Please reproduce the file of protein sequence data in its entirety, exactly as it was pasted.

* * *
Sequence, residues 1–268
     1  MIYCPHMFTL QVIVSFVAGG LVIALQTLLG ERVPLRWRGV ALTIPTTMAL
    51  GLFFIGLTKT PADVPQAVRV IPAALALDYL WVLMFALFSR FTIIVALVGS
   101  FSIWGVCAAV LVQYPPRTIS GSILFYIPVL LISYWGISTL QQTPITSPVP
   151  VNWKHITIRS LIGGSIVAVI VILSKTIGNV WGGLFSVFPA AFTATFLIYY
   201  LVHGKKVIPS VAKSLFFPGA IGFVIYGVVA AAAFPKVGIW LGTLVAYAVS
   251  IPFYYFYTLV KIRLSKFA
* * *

Sequence, residues 1–268
     1  MIYCPHMFTL QVIVSFVAGG LVIALQTLLG ERVPLRWRGV ALTIPTTMAL
    51  GLFFIGLTKT PADVPQAVRV IPAALALDYL WVLMFALFSR FTIIVALVGS
   101  FSIWGVCAAV LVQYPPRTIS GSILFYIPVL LISYWGISTL QQTPITSPVP
   151  VNWKHITIRS LIGGSIVAVI VILSKTIGNV WGGLFSVFPA AFTATFLIYY
   201  LVHGKKVIPS VAKSLFFPGA IGFVIYGVVA AAAFPKVGIW LGTLVAYAVS
   251  IPFYYFYTLV KIRLSKFA